Date of Award


Document Type

Open Access Master's Thesis

Degree Name

Master of Science in Mechanical Engineering (MS)

Administrative Home Department

Department of Mechanical Engineering-Engineering Mechanics

Advisor 1

Wayne Weaver

Committee Member 1

Jeremy Bos

Committee Member 2

Jung Yun Bae


As technology advances, the use of collaborative autonomous mobile systems for various applications will become evermore prevalent. One interesting application of these multi-agent systems is for autonomous mobile microgrids. These systems will play an increasingly important role in applications such as military special operations for mobile ad-hoc power infrastructures and for intelligence, surveillance, and reconnaissance missions. In performing these operations with these autonomous energy assets, there is a crucial need to optimize their functionality according to their specific application and mission. Challenges arise in determining mission characteristics such as how each resource should operate, when, where, and for how long.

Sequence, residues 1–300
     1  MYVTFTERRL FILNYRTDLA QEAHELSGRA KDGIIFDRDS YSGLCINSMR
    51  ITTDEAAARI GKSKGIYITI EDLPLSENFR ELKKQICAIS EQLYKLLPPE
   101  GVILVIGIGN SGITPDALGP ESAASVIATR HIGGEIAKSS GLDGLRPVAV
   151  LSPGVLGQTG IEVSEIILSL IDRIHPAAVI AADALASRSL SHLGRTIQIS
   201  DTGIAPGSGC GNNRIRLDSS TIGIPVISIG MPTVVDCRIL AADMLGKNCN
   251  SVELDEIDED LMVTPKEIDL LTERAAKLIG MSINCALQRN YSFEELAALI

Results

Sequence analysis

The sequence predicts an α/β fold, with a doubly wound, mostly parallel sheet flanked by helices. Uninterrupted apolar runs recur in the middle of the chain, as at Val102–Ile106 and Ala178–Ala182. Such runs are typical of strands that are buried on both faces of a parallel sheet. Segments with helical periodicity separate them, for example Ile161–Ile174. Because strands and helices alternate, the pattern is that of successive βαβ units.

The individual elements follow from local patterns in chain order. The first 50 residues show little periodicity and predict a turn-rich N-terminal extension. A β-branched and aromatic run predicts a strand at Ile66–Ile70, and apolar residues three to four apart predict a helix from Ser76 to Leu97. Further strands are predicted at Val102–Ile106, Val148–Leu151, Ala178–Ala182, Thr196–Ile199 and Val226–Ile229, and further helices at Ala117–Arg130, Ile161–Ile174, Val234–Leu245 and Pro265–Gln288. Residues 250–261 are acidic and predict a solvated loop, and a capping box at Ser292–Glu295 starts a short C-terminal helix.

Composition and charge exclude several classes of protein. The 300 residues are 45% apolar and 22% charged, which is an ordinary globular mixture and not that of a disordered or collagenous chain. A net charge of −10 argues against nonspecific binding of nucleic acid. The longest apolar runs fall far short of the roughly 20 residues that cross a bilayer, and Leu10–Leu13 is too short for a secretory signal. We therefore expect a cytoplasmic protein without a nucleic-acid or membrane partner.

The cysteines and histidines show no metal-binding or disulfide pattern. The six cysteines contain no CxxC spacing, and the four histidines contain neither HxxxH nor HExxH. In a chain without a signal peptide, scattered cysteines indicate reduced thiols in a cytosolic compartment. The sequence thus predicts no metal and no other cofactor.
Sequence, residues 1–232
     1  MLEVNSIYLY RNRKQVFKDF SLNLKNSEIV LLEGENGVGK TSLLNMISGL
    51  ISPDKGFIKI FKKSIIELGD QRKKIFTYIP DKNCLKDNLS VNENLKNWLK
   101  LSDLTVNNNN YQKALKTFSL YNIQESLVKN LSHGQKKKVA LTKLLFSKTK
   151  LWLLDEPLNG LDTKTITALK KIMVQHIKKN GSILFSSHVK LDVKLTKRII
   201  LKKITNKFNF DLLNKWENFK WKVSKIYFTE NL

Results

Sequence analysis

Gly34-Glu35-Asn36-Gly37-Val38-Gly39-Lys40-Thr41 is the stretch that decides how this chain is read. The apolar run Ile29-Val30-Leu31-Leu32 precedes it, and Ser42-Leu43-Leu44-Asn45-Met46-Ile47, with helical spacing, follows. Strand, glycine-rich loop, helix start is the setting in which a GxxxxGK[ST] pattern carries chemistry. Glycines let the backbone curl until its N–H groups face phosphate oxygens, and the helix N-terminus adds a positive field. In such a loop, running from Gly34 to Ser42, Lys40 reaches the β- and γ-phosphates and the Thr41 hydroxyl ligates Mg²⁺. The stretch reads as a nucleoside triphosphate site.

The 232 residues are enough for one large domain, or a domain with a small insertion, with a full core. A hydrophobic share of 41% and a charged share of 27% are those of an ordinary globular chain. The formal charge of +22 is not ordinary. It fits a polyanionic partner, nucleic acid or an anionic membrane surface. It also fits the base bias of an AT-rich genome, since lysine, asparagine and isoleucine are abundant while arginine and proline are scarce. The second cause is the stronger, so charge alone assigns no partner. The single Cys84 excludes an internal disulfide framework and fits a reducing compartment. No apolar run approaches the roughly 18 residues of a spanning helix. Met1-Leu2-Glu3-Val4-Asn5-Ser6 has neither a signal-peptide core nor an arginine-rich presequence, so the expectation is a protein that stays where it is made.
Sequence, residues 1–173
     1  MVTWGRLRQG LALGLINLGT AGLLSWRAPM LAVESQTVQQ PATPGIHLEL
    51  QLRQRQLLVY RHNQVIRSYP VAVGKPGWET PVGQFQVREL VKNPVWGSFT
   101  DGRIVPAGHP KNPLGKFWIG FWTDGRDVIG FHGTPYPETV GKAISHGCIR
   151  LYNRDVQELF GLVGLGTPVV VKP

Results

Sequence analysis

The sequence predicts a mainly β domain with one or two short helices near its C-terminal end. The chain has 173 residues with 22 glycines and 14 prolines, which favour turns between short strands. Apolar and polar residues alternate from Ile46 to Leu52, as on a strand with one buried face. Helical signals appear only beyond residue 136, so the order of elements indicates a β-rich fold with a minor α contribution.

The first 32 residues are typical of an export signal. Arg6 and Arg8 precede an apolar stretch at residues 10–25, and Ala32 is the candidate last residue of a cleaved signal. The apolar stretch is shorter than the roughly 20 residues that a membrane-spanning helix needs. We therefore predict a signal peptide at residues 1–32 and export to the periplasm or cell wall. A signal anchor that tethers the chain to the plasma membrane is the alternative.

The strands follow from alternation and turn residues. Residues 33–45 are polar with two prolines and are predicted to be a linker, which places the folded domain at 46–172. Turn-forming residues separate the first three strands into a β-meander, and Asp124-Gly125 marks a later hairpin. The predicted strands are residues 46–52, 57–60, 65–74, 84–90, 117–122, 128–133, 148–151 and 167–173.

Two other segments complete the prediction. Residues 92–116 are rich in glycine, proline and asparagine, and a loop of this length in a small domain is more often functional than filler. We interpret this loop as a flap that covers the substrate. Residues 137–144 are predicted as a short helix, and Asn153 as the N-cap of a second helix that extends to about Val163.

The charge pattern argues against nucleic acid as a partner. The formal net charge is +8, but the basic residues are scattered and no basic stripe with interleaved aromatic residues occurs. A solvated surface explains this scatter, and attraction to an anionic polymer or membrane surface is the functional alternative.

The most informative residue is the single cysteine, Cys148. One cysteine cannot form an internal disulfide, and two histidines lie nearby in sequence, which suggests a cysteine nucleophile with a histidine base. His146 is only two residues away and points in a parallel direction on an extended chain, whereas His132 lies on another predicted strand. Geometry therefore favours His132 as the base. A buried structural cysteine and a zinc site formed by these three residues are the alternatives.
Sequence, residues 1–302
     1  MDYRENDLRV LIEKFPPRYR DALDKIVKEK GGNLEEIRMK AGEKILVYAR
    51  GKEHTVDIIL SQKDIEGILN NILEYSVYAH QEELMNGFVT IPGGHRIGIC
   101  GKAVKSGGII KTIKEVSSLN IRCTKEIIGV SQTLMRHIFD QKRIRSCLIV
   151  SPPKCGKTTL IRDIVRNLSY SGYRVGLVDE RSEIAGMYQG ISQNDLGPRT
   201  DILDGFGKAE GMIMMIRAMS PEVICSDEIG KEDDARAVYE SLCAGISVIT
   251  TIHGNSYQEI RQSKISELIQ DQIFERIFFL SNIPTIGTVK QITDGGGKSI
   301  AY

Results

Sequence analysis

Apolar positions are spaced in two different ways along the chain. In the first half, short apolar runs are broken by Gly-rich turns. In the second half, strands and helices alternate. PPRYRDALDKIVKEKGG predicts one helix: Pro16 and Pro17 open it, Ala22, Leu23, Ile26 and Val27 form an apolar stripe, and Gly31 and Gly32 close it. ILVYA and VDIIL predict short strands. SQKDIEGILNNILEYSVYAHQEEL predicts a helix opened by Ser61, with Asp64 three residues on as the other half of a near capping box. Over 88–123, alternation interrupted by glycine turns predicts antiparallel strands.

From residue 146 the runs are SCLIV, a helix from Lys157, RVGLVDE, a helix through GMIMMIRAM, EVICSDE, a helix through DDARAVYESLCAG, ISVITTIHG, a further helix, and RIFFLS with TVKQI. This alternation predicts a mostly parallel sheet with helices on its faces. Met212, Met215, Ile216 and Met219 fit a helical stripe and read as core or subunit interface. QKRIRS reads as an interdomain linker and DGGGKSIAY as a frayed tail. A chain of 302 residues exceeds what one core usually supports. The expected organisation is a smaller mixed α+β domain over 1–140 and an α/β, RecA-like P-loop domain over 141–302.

This thesis explores solutions in determining optimal mission plans around the applications of autonomous mobile microgrids and resource scheduling with UGVs and UAVs. Optimal network connections, energy asset locations, and cabling trajectories are determined in the mobile microgrid application. The resource scheduling applications investigate the use of a UGV to recharge wireless sensors in a wireless sensor network. Optimal recharging of mobile distributed UAVs performing reconnaissance missions is also explored. With genetic algorithm solution approaches, the results show the proposed methods can provide reasonable a-priori mission plans, considering the applied constraints and objective functions in each application. The contributions of this thesis are: (1) The development and analysis of solution methodologies and mission simulators for a-priori mission plan development and testing, for applications in organizing and scheduling power delivery with mobile energy assets. Applying these methods results in (2) the development and analysis of reasonable a-priori mission plans for autonomous mobile microgrids/assets, in various scenarios. This work could be extended to include a more diverse set of heterogeneous agents and incorporate dynamic loads to provide power to.